In Germany, the nova institute released an analysis of the European Commission’s proposal for the recast of the Renewable Energy Directive (RED), providing a potential outline of the Union’s renewable energy framework for the timeframe 2021 to 2030.
According to nova:
The new proposal sets the overall target of a renewables share in the EU’s energy consumption at 27% by 2030 and includes the sectors electricity, heating and cooling as well as transport. Several of the new provisions, e.g. a cap of fuels produced from food or feed crops to max. 3.8%; and the ambitious goals for advanced biofuels have been commented on and discussed by a multitude of stakeholders in press releases and official statements.1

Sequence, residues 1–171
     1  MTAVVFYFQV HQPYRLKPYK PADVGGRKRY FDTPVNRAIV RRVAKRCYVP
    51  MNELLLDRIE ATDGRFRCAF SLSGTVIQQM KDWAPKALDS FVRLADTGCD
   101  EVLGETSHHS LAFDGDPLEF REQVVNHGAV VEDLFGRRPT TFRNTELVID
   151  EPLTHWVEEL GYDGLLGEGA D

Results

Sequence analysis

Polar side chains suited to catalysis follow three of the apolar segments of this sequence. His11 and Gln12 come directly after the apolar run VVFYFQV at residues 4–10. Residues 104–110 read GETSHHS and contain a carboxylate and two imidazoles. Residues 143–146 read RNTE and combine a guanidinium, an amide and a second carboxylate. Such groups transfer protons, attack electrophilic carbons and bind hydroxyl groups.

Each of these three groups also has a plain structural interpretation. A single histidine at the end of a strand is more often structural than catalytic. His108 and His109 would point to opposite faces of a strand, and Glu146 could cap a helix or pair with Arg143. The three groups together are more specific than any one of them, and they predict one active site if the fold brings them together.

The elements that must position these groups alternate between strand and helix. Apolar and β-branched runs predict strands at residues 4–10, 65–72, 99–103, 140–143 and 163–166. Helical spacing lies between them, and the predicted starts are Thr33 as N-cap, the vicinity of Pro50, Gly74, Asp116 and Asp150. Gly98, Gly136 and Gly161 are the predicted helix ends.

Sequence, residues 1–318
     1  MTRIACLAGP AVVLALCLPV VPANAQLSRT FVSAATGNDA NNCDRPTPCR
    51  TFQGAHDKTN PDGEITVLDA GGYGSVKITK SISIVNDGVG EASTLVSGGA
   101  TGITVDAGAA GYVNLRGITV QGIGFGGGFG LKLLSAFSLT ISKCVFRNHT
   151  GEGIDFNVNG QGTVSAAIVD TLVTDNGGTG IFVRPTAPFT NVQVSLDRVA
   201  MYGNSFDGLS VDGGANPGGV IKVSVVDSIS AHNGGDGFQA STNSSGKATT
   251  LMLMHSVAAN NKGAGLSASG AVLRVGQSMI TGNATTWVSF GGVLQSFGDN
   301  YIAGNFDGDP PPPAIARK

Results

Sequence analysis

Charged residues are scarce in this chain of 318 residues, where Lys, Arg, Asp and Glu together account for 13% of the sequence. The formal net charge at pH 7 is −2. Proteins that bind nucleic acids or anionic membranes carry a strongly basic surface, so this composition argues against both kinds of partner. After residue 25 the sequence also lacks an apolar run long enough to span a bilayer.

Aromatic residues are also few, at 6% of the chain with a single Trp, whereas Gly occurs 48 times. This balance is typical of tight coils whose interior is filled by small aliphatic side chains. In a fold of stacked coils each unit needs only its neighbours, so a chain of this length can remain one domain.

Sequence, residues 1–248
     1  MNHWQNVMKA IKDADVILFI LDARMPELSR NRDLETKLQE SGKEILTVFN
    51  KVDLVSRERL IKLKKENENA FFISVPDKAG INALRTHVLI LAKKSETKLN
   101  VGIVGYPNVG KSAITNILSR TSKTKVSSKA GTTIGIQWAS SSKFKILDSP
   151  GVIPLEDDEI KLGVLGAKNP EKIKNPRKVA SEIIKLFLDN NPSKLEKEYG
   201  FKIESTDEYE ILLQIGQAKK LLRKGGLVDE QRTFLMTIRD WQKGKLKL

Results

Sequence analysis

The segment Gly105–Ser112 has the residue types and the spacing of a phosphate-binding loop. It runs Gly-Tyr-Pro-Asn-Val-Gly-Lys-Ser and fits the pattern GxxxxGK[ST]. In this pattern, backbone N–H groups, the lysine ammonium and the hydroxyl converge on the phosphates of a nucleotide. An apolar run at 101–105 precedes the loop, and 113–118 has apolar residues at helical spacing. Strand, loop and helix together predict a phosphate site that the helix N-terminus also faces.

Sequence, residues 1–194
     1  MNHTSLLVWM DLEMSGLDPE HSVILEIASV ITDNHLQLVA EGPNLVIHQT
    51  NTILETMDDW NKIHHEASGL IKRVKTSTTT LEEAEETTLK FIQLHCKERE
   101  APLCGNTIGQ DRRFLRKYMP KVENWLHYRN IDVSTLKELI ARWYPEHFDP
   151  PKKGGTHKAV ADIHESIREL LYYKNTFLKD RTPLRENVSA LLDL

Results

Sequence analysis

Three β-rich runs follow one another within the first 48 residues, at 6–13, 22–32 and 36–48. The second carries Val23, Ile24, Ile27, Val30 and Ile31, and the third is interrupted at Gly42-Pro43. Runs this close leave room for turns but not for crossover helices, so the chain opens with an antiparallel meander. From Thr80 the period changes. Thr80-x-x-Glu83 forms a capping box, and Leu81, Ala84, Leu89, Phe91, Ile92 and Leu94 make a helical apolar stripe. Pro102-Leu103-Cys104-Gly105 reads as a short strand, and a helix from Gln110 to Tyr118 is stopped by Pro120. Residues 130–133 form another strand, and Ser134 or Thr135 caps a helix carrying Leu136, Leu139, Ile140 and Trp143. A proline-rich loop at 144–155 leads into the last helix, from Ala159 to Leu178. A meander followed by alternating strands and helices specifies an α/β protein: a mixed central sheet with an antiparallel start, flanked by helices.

As a whole, the proposal can be seen as an attempt to assemble a wide range of support mechanisms for a multitude of energy forms under one roof. The first-ever comprehensive inclusion of CO2-based fuels means that the available support will be spread between more forms of energy supply than before, which are less dependent on biomass. From a bio-based materials point of view, this gives some hope for improved access to biomass and a fairer competition. However, there is still a long way to go towards a completely level playing field and the optimal use of resources in Europe. Especially for feedstocks that are accepted for “advanced biofuels”, the situation has potentially worsened.